your Ember app right away, then allow the JavaScript to take over once
it has finished loading. Your Ember app will behave no differently than
server-rendered apps when it comes to search engines, mobile users,
cURL, or users with JavaScript disabled.

For everyone else, you’ll still have the responsiveness and interactivity users have come to expect from Ember apps.

(emphasis mine)

I dunno how easy that would be to enable for an Ember app served by Rails, but getting the ability to fall back on server-side rendering for free (maybe?) seems pretty neat.

(Lowell Heddings) #12

It always cracks me up when people don’t like JavaScript, Facebook, and Twitter. It’s like a modern hipster version of the Luddite. Anything that’s popular is bad. Or they are just old.

There are always reasons to hate on every programming language and every platform and every application. I remember when lots of people were hating on Java as a ridiculous fad and everybody should use straight C because it’s so much faster and doesn’t waste operations.

At the end of the day, none of that stuff matters. The only thing that does matter is whether the solution works for what people need it for.

Once Discourse becomes mainstream they will come around.

On a side note, about 99% of the time somebody asks me for help because some website isn’t working it’s because they were running NoScript. They should rename it “Break the Web”.


Hi, I’m going to crack you up @geek I usually browse without Javascript, don’t have a Facebook account (and never will) so I might qualify as a luddite in your agenda. I came to this thread because I’ve had reports of people’s browser freezing when using Discourse, and others complaining that they can’t use their chosen font and see the icons. You might think they’re luddites as well, but in both cases there are compelling reasons for this use-case.

For example, my visually-impaired friend actually wants to override any site’s fonts in order to well, read them. I’ve personally given up on using Mozilla Firefox because javascript-powered websites tend to make it RAM hungry, and that’s bad. When my computer slows down to a halt because of a javascript program running in a web browser sandbox, I’m wondering about the sanity of the whole stack. Such bubbling up should not happen, ever.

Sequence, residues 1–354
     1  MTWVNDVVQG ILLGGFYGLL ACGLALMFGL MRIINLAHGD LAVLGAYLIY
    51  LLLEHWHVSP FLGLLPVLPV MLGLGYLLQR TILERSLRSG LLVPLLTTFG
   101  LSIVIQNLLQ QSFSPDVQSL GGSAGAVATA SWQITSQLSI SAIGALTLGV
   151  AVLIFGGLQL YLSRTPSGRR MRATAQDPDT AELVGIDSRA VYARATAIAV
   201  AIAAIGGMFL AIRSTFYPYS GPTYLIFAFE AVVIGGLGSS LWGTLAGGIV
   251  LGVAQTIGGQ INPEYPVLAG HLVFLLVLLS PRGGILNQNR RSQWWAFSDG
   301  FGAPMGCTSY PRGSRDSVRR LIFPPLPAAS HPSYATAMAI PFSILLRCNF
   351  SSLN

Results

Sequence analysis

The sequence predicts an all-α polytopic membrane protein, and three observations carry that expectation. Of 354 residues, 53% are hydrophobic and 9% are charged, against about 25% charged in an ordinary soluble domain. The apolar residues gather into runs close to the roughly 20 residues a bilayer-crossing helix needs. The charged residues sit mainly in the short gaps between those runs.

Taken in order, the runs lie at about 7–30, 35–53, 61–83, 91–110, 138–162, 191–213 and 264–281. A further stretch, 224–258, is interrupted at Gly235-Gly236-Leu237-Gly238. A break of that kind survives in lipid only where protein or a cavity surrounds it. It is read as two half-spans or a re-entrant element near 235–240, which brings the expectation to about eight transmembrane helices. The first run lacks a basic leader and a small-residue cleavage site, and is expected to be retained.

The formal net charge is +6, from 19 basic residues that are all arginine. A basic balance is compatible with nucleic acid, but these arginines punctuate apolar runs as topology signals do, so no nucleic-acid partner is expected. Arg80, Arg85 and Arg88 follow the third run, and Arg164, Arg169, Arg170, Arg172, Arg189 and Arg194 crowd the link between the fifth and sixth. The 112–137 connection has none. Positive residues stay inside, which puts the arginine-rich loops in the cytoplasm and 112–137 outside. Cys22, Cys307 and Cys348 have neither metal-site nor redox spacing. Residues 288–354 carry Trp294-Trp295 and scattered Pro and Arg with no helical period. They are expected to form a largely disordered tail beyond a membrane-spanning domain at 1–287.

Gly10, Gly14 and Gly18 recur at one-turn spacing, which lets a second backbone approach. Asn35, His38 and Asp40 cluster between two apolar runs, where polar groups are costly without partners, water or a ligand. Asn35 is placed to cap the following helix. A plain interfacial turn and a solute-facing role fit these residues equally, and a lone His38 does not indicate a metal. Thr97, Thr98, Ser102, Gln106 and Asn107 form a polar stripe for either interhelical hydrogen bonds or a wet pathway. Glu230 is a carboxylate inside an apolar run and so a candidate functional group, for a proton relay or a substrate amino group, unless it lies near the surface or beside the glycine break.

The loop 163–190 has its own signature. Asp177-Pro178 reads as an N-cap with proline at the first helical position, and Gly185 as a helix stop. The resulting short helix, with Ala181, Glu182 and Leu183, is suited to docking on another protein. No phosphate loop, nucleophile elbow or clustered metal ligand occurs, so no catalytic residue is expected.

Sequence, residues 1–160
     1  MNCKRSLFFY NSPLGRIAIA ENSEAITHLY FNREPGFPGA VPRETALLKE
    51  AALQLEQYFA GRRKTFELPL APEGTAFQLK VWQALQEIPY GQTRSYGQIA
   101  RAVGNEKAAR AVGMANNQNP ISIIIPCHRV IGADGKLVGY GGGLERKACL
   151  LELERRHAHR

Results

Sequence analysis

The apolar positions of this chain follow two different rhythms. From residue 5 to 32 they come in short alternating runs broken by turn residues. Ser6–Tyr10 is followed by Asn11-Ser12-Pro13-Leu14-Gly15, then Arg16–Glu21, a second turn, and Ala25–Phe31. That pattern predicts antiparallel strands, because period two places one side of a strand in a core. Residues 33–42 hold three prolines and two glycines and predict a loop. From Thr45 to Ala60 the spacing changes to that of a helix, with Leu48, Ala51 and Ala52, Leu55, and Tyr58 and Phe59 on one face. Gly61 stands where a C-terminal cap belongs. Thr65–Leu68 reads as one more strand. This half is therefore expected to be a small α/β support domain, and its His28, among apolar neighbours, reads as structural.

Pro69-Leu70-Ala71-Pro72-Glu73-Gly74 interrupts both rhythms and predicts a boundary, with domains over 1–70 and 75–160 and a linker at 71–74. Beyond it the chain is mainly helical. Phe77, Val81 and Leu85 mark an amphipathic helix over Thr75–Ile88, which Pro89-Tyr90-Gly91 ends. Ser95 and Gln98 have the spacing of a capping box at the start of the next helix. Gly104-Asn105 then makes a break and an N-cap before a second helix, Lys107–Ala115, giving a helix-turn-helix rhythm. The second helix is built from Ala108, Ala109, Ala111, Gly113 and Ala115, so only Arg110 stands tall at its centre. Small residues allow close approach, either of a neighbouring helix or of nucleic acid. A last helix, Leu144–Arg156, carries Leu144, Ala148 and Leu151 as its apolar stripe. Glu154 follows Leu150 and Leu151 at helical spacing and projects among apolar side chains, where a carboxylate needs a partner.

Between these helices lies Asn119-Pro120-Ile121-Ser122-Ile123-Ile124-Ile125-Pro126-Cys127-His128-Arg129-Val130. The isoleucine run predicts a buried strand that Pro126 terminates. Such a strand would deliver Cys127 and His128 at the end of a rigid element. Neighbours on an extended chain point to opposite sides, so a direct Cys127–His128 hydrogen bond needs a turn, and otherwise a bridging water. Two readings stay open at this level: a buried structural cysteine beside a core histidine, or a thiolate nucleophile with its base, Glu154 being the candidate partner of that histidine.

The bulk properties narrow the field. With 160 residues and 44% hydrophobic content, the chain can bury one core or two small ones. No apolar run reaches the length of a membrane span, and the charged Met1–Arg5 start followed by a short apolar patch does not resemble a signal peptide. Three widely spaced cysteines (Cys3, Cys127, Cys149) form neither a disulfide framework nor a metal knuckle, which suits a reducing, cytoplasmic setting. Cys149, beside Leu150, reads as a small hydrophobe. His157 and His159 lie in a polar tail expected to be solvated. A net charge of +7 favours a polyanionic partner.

That said, I recommended Discourse anyway and usually find it to my taste. I hope the email participation feature can solve most of the issues for web-2.0-allergic people, although it challenges the meaning of “private” conversation once it transits through the NSA^W Internet tubes.

(Dev Jyothichand) #14

To be honest, I gave up using Mozilla Firefox as well because it just seemed to be a performance hog in general, and felt a bit too bulky for its intended uses. Can you tell why you don’t browse with Javascript on though?

(TechnoBear) #15

I use Firefox, and will stick with it because it allows me to zoom text only, which is an important accessibility feature for me. I don’t have any problems with it, except on Discourse sites which tend to load slowly at times - especially if I have my daily backup running. (But then, Chromium freezes altogether, so FF is actually the better option.)

Like @hellekin, I also have no social media accounts, and keep JS disabled as a matter of course. (If you want to know why, I’ve explained elsewhere.)


Firefox has unfortunately been getting increasingly bloated. However IMO it’s still better than the alternatives. (Which isn’t saying much. :sob:)

I’m currently using FF 36.0 and it’s better than whatever version I was using before, which I think was 24. (I don’t upgrade to every new version.)


I have several reasons. First of all, most of my web browsing is about seeking information and reading text: I barely need javascript for that. Most of the time I proxy my Web requests, and I don’t like third parties (either at the proxy, or at the web site) to inject code I didn’t ask for (e.g., tracking software). I barely use the Web for my social interaction online. Instead I use other protocols such as IRC, PSYC, XMPP, SMTP, Tox, Pond, etc.

When I hit a URL that I cannot use without Javascript (or Flash for that matter), unless I have a compelling reason to do so (e.g., mandatory administrative idiocy), I simply don’t use it. My trust is the Web browser is very limited: they’re too big, too greedy, too bloated, and most of the code passing through them via Javascript come from prying third parties with questionable objectives (and non-free).

Add to that mix bad code leaking memory or calling 20 third parties (wtf?), and browsing the Web becomes a very annoying experience. So, I prefer spending my time otherwise. The Web 2.0 is such a tiny part of the Internet :smile:.

(Kane York) #18

Okay, but… there’s nothing preventing you from reading a Discourse forum without JS.

You just can’t post, and it’s not outside the realm of possibility for someone to create a thick client to sign in and post.

A JS browser will still probably be required to complete signup, however.

(mountain) #19

I was agreeing with you up to the part about Facebook and Twitter. Since this is a discussion about a programming language I don’t think lumping social media platforms into this to support your position in this topic is sound. I’ve made it clear elsewhere that I’m not fond of social media, but only because I am a private person by nature and it doesn’t support healthy discussion, which is what I use the internet for. That’s nothing to do about Javascript.

Agreed 100% on that. Which is why I like Javascript.

Because Javascript may be used for nefarious reasons as much as good. While NoScript is used by those who abhor Javascript because The Man told them to, it also has a purpose for avoiding nasty tidbits of malware crap if temporarily surfing in dangerous spots, like image boards. However, that solely depends on a single user’s browsing habits, like if they enjoy the anime porn and need to get their fix on some #chan or -booru. I’m not advocating that specific usage scenario but I’ve seen it used that way.

That they also use it on your website is the actual concern.

Abhor the abusers, not the tools.

(Lowell Heddings) #20

Just gonna leave this here…